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The Third Circuit ruled Wednesday that certain truckers are entitled to overtime pay under the Fair Labor Standards Act, finding that drivers of lighter vehicles are subject to a "carveout" from the FLSA's overtime exemptions.
The FLSA establishes minimum wage and overtime requirements that apply to the majority of workers. Covered workers are entitled to "time and a half" overtime, except, of course, the many workers who fall within the Act's numerous exemptions.
Exemptions -- and Exemptions to Exemptions
Among those who don't require overtime are managers, farm workers, and even home-based wreath makers. Until recently, neither were most truckers. The FLSA's Motor Carrier Act Exemption kept commercial drivers, whose qualifications and hours were regulated by the Secretary of Transportation, outside of the Act's overtime protections.
However, with the Corrections Act of 2008, Congress created an exemption to the trucker exemption. Employees who, in whole or part, "affect the safe operation of vehicles lighter than 10,000 pounds," are covered employees under the FLSA. Vehicles dedicated to hazardous materials or large numbers of passengers don't count.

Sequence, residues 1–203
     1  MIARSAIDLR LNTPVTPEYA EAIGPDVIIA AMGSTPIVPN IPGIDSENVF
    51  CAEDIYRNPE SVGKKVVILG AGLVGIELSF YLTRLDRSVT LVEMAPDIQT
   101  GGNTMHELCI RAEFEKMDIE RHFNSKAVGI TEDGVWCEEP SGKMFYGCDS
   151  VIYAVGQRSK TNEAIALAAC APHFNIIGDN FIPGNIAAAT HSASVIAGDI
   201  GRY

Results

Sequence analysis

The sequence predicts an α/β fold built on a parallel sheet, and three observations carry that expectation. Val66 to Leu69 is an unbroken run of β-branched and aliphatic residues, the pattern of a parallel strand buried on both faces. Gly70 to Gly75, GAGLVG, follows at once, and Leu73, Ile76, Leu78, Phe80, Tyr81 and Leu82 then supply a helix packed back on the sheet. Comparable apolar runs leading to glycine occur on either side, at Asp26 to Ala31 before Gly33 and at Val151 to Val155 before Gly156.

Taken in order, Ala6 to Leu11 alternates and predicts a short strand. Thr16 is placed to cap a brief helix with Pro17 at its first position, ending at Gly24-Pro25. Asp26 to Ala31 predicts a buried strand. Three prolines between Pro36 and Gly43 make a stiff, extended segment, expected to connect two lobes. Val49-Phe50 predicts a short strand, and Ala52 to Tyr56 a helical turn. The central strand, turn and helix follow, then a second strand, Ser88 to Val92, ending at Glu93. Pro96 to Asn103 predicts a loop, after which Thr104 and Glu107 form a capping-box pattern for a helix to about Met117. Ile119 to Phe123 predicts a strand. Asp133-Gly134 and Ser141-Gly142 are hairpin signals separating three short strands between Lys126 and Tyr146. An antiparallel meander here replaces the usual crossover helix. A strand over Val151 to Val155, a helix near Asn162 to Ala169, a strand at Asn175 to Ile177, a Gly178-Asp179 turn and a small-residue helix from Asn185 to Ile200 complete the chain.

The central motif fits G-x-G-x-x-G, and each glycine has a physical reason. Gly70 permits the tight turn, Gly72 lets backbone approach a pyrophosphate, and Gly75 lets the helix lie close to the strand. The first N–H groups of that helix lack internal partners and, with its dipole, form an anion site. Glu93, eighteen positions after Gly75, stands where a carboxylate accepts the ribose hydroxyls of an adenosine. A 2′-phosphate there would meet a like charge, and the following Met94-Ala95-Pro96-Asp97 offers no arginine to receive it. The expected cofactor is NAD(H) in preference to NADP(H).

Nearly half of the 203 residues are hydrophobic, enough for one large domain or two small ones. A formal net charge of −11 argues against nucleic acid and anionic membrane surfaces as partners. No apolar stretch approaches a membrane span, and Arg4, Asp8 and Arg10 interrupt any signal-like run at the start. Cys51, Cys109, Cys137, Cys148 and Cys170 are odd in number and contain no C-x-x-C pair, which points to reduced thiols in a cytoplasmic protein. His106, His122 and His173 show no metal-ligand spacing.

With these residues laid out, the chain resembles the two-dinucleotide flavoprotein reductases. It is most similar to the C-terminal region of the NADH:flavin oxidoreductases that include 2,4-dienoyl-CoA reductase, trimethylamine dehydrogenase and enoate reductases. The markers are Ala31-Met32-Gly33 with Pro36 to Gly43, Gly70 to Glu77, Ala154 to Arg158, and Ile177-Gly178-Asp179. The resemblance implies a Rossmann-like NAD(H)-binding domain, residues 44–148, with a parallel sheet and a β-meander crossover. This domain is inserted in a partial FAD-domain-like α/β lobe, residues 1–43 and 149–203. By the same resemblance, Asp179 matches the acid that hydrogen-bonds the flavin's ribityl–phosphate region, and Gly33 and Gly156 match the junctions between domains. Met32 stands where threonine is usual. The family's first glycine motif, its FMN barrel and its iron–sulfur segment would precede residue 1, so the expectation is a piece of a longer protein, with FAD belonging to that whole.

Ashley McMaster, a former employee of Eastern Armored Services, argued that she fell under this "carveout." As a driver for Eastern, she repeatedly worked over 40 hours a week, driving vehicles under 10,000 pounds about half the time, yet received no overtime pay.
The Third Circuit agreed with McMasters. While most professional truckers are generally exempt from the FLSA's overtime requirements, the Corrections Act created an unambiguous carveout for drivers working with "lighter" trucks. The court was not swayed by a "policy statement" by the Seventh Circuit, arguing that the carveout would create burdensome oversight requirements. The Third Circuit disagreed, stating that "neither history nor policy" could overcome the clear establishment of a carveout to the FLSA's trucker exemption.
More Tests, Maybe More Pay, for Truckers
The ruling comes as good news for drivers of smaller trucks, and for Ashley McMasters, who could be eligible for a hefty bit of back pay. Trucking companies may now have to engage in more careful oversight of driver's vehicles and hours.
Another case threatening to shake up traditional wage and hour regulations for truckers is also before the Third Circuit. In a lawsuit over whether drivers were improperly classified as independent contractors, the court sought certification of a state law question from the New Jersey Supreme Court, which ruled unanimously that the drivers should are presumed to employee's unless they pass the state's "ABC" test. The Third Circuit has yet to make a final ruling on that case.